Optical Filtration – Formatt Hitech Soft Gold.

In this modern age where almost any look can be created in post I find that there is still something extremely satisfying about creating as much of the final look of your content in camera as possible. And one thing that can make a huge difference is optical filtration.
As camera resolution continues to increase one type of filter that I find particularly useful is the diffusion filter. Diffusion filters can help take the digital edge off an electronic camera. They do this by causing some of the light passing through the filter to scatter which has a softening and contrast reducing effect, especially around highlights. 
By using different materials to scatter the light the effect can be coloured or modified for different looks.  A little bit of diffusion can really help to tame difficult highlights.

For a recent workshop where we had a scene that was designed to give the feel of an old Edwardian study,  I decided I wanted to create a very  romantic look. So I after playing with a couple of different diffusion filters I settled on a Formatt Hitech 1/4 Soft Gold filter. This filter is really nice for this type of shot as it adds a warm golden glow to high contrast areas. It also makes skin tones look a  little richer.

If you compare the first image which was shot without the filter and the other images that were shot with the filter, while I am happy with the shot without the filter, I really do feel that the filter transforms the shot into something that looks more romantic and has an “older” feel to it. Perhaps the 1/8th version of the filter might have been a better choice for a less strong effect, but this really is a filter I like a lot.

2-Shot-no-filter_1.6.1-scaled Optical Filtration - Formatt Hitech Soft Gold.
The scene without any additional filtration (click on the image to enlarge it).
Medium-shot1_1.3.2-scaled Optical Filtration - Formatt Hitech Soft Gold.
A shot from the scene with the Formatt Hitech 1/4 soft gold filter (click on the image to enlarge it).
Male-Face1_1.4.2-scaled Optical Filtration - Formatt Hitech Soft Gold.
Another shot from the scene with the Formatt Hitech 1/4 soft gold filter (click on the image to enlarge it).

The extra glow around the candles really enhances the sense of the candles being a part of the lighting while the softening of the highlights on the actors faces helps to make the images look more organic and less digital.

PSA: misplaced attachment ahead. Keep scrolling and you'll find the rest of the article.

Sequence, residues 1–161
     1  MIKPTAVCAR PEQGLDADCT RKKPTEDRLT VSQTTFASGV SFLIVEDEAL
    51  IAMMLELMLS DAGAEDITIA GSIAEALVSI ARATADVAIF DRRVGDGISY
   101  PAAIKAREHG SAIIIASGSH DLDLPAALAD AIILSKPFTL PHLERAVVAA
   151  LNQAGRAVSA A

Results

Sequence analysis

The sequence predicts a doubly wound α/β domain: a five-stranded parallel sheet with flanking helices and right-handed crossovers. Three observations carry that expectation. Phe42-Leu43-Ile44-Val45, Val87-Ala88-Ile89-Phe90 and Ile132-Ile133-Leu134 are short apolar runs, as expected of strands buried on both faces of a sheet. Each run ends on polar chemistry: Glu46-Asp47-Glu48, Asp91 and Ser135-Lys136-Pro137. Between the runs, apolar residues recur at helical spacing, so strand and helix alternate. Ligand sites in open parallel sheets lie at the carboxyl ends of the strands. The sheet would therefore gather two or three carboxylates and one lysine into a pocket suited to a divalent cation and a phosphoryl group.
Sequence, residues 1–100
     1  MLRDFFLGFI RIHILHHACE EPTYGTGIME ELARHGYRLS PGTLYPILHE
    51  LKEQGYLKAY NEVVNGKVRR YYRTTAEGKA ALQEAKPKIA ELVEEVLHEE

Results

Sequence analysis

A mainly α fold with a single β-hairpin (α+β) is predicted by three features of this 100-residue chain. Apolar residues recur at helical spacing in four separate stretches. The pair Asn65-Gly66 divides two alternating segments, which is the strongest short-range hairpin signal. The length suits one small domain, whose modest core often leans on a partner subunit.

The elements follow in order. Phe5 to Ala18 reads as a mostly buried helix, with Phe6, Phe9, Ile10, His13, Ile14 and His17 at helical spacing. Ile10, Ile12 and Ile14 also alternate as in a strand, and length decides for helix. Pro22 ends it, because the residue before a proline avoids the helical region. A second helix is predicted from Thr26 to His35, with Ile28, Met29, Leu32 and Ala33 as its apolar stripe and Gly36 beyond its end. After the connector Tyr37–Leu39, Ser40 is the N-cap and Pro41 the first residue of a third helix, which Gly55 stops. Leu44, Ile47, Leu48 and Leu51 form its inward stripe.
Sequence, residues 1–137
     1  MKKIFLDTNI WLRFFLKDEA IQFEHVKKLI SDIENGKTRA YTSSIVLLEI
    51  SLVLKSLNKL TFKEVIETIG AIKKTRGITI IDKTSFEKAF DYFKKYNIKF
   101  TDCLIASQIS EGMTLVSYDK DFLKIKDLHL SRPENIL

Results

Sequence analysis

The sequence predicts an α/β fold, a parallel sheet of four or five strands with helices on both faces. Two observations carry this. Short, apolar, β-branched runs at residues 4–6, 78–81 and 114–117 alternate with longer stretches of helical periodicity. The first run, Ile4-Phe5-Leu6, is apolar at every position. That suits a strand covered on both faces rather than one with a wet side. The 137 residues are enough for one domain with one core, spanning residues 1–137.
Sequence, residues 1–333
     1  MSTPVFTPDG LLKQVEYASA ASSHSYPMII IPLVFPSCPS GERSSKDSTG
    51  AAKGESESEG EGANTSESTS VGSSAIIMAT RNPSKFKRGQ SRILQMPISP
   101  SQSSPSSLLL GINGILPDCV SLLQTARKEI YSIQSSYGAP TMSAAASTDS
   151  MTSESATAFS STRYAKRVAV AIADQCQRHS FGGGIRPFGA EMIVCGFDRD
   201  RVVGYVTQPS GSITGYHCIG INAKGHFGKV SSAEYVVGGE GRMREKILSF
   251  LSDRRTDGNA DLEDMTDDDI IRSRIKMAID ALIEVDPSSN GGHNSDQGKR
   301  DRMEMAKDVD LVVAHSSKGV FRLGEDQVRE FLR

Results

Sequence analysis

Candles-only1_1.10.1-scaled Optical Filtration - Formatt Hitech Soft Gold.
In this shot the only light was from the candles and the 1/4 Soft Gold filter makes the scene feel very warm and cosy.

4 thoughts on “Optical Filtration – Formatt Hitech Soft Gold.”

  1. Great work Alister and I’ve been using filters for a few years now. The gold looks amazing but I tend to use 1/8 & 1/4 glimmer glass now which gives a great glow without being obvious at all.
    I’m also using full diopters a lot now which in a combination look so good.
    Great work as always Alister!

    1. I find the soft gold and glimmer glass to be very similar but the soft gold is a bit stronger, so where I would use a 1/2 Glimmer, I would use a 1/8 soft gold.

  2. I totally agree. I almost always use filters – mostly 1/8 or 1/4 Promist to soften the image and avoid soap opera look, make it more filmic.

    What do you think of Daniel Lautzen’s comment that the filters should be behind the lens (as with Arri Signature Primes) because if the filter is in front, you don’t get lens flares, you get filter flares? I’ve played around with filters with lens flares and I don’t see the flares affected really but I don’t have the keenest eyes in the business. While Arri Primes aren’t an option for me, I have some lenses with adapters that could be fitted for filters – particularly my Helios lenses that I use when I want to maximize flaring.

    1. You still get lens flares with filters in front of the lens. But you may also get additional filter flares and reflections. Different filters behave differently whether they are in front or behind the lens. It can be beneficial to have any diffusion behind the lens as the amount of diffusion remains constant no matter what focal length you use. But then sometimes you want to have different amounts of diffusion for different framing and composition.

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